"It could be much worse," Sonata continues. "They'll leave us alone, provided we agree to do some of their recovery work for them."
Billy blinks. Recovery work?
Sonata anticipates his questions. "We're not the only illegals stowing away on earth," she says. "It's out of the way, pleasantly diverse climate-wise. Basically, an ideal hideout for any given galactic criminal that might want to lay low for a while. But look on the bright side, Billy. The band continues! We're in luck on that score. We just have to earn our keep by busting a few bad guys."
"Glorified dog-catchin'," sniffs Granite. "Frankly, it's beneath my dignity."
Years before the unlikely formation of Full Throttle Thunderpussy, Billy was just another ordinary eleven-year-old boy, living out a middle-class scuff-your-shoes existence in a slumping house with two dutiful parents and an older sister who thought "curfew" was spelled "o-v-e-r-m-y-d-e-a-d-b-o-d-y." One thing had always singled Billy out: His carnivorous musical ability. He played piano without thinking about it, adding notes, altering chords; he shifted texture, tone, and mood at will. By age ten, he could manage at least fifteen other unrelated instruments with reasonable facility, including banjo, trombone, and the antique glass glockenspiel normally kept under lock and key at the local university. Even so, in houses that slump like Billy's, no one has the time or energy to take prodigies very seriously, and besides, Billy had no context in which to frame his remarkable skills, until Al Fulbrook, a kindly middle school band instructor, sat him down in front of his personal laptop and called up Aaron Copland's Billy the Kid. As the opening strains of the ballet sang out from the MacBook's tiny speakers, Mr. Fulbrook whispered, "Listen to the strings. They're not just playing notes. They're speaking, calling Billy's name. Listen. There. 'Bi-lly. Bi-lly!'"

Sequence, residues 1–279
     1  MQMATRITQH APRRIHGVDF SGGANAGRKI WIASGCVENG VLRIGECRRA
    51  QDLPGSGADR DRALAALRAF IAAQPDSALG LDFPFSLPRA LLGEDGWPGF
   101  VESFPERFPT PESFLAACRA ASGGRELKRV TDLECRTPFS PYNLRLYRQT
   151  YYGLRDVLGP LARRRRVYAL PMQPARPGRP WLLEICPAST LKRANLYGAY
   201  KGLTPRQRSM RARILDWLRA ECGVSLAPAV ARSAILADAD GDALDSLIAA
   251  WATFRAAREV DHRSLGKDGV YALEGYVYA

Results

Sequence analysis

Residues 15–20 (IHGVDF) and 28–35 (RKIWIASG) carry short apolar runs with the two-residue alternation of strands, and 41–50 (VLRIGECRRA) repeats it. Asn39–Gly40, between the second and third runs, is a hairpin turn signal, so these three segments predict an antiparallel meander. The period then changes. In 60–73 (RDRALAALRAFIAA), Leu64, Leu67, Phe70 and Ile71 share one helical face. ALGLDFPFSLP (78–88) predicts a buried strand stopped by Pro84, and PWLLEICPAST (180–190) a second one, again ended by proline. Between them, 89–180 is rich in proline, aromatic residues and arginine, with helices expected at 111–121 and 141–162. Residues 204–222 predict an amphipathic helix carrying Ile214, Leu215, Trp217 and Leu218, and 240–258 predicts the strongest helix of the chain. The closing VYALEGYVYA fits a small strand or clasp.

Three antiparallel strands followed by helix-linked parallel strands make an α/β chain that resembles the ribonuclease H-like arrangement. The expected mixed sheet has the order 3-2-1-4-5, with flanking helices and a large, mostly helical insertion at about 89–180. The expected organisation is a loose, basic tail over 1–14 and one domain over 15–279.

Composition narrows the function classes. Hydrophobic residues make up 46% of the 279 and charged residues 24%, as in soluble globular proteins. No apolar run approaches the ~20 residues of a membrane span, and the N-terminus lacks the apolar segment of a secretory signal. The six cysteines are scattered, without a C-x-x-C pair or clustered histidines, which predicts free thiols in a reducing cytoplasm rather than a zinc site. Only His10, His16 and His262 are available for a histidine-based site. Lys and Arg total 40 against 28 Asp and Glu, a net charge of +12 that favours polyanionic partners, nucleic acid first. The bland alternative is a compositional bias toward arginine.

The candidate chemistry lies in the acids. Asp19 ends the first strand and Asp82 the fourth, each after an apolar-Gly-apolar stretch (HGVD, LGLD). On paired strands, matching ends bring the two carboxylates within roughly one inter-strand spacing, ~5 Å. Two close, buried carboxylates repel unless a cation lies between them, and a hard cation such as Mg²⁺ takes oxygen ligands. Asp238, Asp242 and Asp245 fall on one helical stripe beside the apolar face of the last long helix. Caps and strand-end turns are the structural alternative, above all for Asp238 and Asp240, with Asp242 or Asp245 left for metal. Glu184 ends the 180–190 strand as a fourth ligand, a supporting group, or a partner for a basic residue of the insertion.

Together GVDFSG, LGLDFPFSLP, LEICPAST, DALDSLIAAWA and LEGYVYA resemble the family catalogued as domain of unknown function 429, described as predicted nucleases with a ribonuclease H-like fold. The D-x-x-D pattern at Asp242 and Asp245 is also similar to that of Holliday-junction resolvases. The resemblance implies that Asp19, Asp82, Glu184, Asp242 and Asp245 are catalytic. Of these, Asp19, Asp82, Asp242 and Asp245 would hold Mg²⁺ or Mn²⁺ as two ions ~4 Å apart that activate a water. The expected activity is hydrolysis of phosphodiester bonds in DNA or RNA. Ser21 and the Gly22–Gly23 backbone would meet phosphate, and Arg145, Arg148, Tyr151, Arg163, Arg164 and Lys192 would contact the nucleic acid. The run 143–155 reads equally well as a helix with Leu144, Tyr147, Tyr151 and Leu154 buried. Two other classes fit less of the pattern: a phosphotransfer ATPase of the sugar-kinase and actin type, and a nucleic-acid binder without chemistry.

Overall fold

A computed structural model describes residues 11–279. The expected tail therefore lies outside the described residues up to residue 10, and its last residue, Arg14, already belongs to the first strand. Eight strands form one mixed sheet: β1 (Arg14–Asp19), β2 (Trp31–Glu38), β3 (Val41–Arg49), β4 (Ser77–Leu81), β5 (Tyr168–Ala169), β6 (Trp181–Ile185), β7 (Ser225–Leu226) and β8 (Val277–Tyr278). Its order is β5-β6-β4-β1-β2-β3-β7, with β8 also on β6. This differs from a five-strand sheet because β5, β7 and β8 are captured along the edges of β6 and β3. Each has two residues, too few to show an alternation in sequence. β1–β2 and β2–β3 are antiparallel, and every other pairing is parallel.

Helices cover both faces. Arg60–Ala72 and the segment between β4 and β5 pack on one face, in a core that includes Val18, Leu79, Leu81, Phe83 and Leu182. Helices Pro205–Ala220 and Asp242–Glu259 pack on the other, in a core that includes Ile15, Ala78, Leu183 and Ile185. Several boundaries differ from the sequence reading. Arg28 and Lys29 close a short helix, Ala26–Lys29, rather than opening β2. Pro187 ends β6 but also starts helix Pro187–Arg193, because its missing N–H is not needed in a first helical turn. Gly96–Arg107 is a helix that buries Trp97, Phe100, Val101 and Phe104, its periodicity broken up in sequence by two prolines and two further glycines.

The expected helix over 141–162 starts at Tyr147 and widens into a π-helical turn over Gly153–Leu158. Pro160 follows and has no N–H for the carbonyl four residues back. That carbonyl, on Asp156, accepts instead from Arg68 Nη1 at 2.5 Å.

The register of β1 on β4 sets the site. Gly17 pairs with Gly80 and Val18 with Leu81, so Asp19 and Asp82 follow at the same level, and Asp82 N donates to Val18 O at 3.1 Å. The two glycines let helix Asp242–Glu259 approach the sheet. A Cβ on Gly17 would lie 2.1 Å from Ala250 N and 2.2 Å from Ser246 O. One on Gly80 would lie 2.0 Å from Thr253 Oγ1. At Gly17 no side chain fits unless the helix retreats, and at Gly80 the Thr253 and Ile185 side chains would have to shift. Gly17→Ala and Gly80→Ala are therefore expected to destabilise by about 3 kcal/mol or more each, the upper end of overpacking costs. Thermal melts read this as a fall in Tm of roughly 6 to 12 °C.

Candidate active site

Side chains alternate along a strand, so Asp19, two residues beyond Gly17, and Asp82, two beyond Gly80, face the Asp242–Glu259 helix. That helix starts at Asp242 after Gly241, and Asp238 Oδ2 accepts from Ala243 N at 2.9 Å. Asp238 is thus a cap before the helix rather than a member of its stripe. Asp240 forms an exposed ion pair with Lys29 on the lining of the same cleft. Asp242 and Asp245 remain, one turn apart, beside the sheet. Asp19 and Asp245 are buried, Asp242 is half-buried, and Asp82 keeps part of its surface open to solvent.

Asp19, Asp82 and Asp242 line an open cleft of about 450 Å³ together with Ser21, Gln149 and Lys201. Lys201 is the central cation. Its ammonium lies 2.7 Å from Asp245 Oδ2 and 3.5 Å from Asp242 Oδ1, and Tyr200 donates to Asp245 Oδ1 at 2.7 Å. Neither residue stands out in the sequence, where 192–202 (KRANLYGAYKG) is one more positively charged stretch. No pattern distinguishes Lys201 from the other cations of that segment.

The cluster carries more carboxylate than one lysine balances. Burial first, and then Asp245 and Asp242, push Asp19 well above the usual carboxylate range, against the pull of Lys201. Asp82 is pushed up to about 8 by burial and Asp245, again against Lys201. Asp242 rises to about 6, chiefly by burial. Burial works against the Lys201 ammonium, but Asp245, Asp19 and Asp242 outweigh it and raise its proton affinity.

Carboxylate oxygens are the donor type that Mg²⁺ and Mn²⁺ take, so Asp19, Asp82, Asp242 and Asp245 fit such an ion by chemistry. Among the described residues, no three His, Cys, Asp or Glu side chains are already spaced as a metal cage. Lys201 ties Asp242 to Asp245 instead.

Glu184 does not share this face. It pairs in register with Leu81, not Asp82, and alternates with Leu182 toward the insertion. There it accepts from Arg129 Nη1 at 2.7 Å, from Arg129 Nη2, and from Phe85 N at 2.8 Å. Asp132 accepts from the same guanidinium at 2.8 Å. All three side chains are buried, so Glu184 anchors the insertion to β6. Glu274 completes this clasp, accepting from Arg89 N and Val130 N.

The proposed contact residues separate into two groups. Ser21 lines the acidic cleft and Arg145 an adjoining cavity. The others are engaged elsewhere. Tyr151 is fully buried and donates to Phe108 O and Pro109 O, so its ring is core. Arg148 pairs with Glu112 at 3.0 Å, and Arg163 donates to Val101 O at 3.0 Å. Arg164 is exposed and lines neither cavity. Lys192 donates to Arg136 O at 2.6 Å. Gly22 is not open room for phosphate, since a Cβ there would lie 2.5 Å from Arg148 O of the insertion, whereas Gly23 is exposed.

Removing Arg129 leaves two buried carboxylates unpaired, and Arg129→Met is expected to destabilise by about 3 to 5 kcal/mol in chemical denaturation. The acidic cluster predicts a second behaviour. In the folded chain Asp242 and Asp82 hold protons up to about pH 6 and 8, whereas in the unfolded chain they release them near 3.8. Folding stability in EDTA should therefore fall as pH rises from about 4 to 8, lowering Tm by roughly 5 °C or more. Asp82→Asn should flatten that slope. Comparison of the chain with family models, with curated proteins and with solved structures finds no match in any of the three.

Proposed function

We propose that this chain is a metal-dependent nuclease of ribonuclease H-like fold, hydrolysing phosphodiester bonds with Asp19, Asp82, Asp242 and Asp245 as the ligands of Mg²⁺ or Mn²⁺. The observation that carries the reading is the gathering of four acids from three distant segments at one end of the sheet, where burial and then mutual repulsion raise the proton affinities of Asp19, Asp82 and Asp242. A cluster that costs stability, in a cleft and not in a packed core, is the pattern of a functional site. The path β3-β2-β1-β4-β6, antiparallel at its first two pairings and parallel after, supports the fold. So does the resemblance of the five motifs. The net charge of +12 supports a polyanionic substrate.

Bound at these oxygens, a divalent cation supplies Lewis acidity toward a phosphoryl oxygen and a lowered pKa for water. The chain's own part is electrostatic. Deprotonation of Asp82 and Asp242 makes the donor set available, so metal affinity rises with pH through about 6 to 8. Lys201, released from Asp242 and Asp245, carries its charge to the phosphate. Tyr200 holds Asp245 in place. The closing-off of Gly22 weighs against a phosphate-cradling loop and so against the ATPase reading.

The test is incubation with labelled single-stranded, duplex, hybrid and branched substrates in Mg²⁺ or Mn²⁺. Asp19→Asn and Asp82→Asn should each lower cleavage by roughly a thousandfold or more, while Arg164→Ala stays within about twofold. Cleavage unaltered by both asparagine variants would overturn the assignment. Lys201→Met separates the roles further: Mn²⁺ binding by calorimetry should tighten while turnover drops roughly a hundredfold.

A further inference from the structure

And Billy Morgan sat transfixed, realizing for the first time that music could do anything. From that day forward, he dove headfirst into his talent, mining measures, clefs, and tri-tones for all they were worth.
Then Billy started blanking out- "dropping out," said his teachers - and shortly thereafter, a pediatric neurologist in nearby St. Louis diagnosed him with "uncontrolled, intractable, petit mal absence seizures."
A barrage of medications to treat the epilepsy followed, but none of them helped - although some made him sick to his stomach and one, Topamax, completely erased his desire for music. It took Billy over a year to figure out the neurologist's diagnosis was dead wrong. He didn't have epilepsy at all. What he had was empathy, at levels beyond most people's imagining. Uncontrolled seizures? No. Billy Morgan, instrumentalist extraordinaire, was an Uncontrolled Long-Distance Empath.
Luckily music, along with television, sleep, and just about anything that arrived at the brain as both monotonous and repetitive, provided respite. To play music meant temporary relief from constantly putting up barriers, to stay within himself, to not wander absently and uninvited into the emotional storms of hapless strangers. In the early days he volleyed in and out of other people's feelings and the stronger the emotion in play, the more likely he was to be sucked toward it. The ferocity of other people's lives often left Billy whimpering on the floor, curled into a fetal ball.